Dim Sum is one of the biggest parts of Yue Dining. Most people do not know what Yue Cuisine is but they would know Dim Sum. It is fairly popular amongst the foreigners also. Dim Sum are bite size snacks that are mostly steamed, fried or baked. Few popular Dim Sum are the Har Gao, Siu Mai and Cha Siu Bao. Traditionally, a variety of Dim Sum will be pushed to you in carts and you get to choose what you want to eat. These carts still exists in a lot of Yue Cuisines, but in order to be cost efficient and safer, some restaurant just serve the Dim Sum straight to the table in some restaurants.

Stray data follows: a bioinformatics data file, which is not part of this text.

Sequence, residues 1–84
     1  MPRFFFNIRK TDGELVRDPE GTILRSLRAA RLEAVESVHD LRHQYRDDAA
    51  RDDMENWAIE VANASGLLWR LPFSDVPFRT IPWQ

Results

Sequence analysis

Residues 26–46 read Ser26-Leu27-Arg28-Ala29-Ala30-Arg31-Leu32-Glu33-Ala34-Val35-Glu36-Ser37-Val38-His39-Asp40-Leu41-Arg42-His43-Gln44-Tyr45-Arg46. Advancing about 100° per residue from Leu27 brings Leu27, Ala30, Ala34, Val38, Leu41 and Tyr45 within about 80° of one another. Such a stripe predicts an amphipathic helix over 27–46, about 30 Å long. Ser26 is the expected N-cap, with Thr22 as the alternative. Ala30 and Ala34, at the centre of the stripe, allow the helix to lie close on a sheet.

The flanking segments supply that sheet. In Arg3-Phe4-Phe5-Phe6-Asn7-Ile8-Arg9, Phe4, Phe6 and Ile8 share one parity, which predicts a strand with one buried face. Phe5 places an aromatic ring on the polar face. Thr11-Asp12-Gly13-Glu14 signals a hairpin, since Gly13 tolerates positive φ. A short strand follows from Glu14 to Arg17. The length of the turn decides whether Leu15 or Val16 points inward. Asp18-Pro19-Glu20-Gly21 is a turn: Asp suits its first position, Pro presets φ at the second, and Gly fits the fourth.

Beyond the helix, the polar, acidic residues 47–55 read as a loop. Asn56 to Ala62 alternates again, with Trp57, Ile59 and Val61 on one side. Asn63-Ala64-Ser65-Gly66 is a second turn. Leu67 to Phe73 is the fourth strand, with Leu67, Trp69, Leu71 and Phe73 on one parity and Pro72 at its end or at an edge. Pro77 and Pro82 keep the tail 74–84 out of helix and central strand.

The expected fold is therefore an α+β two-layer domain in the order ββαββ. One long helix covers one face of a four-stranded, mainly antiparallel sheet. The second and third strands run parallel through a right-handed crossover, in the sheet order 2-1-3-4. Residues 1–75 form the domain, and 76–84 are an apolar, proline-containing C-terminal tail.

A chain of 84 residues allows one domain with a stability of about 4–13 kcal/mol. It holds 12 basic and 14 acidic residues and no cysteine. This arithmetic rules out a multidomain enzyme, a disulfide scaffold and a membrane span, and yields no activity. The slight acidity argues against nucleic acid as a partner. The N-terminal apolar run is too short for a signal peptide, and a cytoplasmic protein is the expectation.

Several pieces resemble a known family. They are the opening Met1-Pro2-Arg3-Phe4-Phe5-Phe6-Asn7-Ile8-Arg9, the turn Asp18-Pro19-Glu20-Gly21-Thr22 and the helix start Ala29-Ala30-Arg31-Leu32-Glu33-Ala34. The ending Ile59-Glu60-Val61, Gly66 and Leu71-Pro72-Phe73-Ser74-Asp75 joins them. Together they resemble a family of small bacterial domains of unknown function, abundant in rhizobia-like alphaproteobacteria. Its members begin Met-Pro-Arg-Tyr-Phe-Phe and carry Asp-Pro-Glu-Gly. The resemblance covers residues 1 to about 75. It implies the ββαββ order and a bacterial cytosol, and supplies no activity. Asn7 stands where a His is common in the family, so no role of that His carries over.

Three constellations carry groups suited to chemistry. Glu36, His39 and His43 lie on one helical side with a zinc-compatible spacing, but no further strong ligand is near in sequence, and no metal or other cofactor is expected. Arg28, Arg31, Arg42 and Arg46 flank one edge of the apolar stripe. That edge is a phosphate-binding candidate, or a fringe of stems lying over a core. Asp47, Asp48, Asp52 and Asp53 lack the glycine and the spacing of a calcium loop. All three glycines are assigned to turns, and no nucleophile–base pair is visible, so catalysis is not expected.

The Origin of Dim Sum started on the Silk Road. Silk Road was a trade path connecting China and the Mediterranean Sea. Since it was a long road, teahouses were built along the path serving tea for people to rest. Later, it was discovered that tea helps digestion, thus the tea houses started serving snacks which we call Dim Sum nowadays. Dim Sum has the mean of “the touch of heart.” It allows tired merchant to rest and eat up before they head on the road again. The reason behind the carts is that people were already tired, therefore the food comes to you in a cart and you get to pick what you want to eat making it a popular habit for merchants to stop at these tea houses.